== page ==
As with the presentation as a whole, the introduction must be well structured. The following is ONE possibility: introduction of the structure/content of your presentation; introduction of problem/task (often given by the title); introduction of key position(s), thinker(s), theory(-ies), etc.; introduction of main criticisms (or types of criticisms), qualifications, problems, etc. with one or more of the aforementioned theories, etc.; indication of empirical evidence (and quality of that evidence) for various positions; introduction of conclusion to be reached; indication of any qualifications or caveats to and/or implications of that conclusion.
The main body of your presentation is concerned with taking the audience from your Introduction to your Conclusion in the most clear, focused, linear, persuasive, and entrancing way possible. How this will be done will be specific to you and the topic. The following is ONE possibility: each theory (or whatever) is described, evaluated, and "judged" in turn, with a "final verdict" being reached (or reiterated) in the Conclusion. Such a "final verdict" might be that one theory (or whatever) is clearly superior to the others, but has certain identifiable weaknesses; or that it is impossible to choose between certain competing theories, although others are clearly untenable; or that a "hybrid" theory is needed with certain parts from several theories being moulded together into a new theory; or whatever. Whatever the verdict, the justification for it must come in the development part of the presentation.
Make sure that any material presented is relevant to and focused upon both the title of your presentation and the point you are trying to make at the time. Try to ensure an adequate breadth of reading (i.e. enough to make your case and to show that you have encountered and considered contrary evidence). It is not possible to say exactly how much reading you should have done, but it should certainly be evidently more than the essential reading (which everyone present should have read) and your lecture notes. An adequate depth of reading will accompany or follow from an adequate analysis. Breadth, depth, relevance, and analysis of material will all contribute to an adequate use of evidence.
The Conclusion has several components. The first, but not the only one, is to summarise and/or synthesise the main points made and/or conclusions reached in the main body of your presentation (i.e. during the Development), possibly with an accompanying summary of the main reasons for (i.e. justification of) those points/conclusions.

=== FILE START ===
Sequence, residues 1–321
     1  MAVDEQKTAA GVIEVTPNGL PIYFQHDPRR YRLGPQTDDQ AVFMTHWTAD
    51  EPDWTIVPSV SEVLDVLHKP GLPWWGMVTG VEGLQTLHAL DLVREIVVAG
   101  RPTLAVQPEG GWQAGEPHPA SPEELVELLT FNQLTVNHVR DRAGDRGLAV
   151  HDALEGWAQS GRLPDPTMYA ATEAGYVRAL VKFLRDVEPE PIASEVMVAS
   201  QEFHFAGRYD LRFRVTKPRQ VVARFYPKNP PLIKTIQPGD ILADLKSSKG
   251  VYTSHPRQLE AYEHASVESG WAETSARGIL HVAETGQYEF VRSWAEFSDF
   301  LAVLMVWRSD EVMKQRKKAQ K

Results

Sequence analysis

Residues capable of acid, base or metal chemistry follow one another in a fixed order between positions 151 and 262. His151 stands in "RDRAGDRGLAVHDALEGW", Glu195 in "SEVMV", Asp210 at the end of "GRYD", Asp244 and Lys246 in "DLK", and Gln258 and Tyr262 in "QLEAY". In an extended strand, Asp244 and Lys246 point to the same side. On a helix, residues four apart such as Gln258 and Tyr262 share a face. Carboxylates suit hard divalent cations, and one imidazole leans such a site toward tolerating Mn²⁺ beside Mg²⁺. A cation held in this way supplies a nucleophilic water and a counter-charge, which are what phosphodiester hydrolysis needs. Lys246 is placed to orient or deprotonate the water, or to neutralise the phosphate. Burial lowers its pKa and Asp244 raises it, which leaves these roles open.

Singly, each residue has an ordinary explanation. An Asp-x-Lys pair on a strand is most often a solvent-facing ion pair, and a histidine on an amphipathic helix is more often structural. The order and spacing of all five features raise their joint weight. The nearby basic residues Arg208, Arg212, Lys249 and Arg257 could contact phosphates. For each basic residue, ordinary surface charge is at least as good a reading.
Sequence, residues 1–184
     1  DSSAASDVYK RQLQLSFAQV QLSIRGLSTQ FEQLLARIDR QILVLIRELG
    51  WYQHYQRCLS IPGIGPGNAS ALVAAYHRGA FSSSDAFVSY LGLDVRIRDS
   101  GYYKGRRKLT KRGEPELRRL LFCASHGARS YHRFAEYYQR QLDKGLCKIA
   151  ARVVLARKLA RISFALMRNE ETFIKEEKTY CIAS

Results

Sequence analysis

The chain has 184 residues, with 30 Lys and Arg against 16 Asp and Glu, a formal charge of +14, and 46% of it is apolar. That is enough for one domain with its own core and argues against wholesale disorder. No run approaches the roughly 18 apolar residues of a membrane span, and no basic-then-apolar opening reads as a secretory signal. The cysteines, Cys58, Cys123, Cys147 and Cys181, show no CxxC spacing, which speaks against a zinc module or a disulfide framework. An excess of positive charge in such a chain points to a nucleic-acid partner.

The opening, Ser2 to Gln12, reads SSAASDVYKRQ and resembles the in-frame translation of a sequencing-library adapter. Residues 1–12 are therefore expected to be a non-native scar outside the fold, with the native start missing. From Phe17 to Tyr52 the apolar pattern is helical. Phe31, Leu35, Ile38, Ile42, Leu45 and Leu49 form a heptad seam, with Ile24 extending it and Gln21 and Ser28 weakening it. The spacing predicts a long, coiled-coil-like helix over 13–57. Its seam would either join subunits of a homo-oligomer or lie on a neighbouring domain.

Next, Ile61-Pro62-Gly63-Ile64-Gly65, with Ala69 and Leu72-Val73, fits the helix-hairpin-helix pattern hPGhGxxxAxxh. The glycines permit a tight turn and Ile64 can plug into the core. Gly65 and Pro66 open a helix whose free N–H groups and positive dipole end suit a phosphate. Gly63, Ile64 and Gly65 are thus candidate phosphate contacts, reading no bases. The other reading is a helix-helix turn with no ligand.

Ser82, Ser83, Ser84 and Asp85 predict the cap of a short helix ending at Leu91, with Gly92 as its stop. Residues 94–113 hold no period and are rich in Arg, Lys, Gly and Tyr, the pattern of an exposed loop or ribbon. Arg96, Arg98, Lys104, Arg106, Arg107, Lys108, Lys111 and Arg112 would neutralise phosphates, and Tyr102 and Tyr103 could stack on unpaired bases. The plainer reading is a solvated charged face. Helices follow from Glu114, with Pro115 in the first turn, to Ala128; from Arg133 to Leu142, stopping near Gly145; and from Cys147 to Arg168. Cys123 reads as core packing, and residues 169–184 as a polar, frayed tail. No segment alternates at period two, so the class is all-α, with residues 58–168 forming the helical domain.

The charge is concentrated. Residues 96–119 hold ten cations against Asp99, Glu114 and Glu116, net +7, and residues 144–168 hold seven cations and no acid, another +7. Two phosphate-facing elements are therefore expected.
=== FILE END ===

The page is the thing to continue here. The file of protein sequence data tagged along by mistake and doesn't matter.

Another important function of the Conclusion is to explore the importance and/or relevance of the points made/conclusions reached for the theories (etc.) mentioned in the Introduction. For example, do the points support, destroy, or indicate necessary amendments to such theories?
Thirdly, are there other implications of your conclusions, e.g. for future research, for Governmental policy, or whatever?
Finally, how confident should one be of your conclusions? Are there any qualifications or caveats? Are there any important possible objections to your conclusions and, if so, how might you meet those objections?
A big part of the skill involved in giving a presentation is managing the interaction with the audience after your monologue finishes. Indeed, part of your assessment is determined by how well you respond to questions and requests, and how well you are able to act as a facilitator of the discussion which follows your talk.
Try to anticipate likely questions (especially "hard" ones). Practising your presentation in advance in front of an audience will help. Some "professional" presenters "plant" a first question with a friend in the audience so that they will at least be able to answer the first question well. If you do this make sure that: (i) it is not obvious (especially to the tutor who will have read, or written, this handout); (ii) it genuinely adds something to your overall performance (e.g. is not repetitious or irrelevant); and (iii) enough time is left for genuine questions and for genuine open discussion.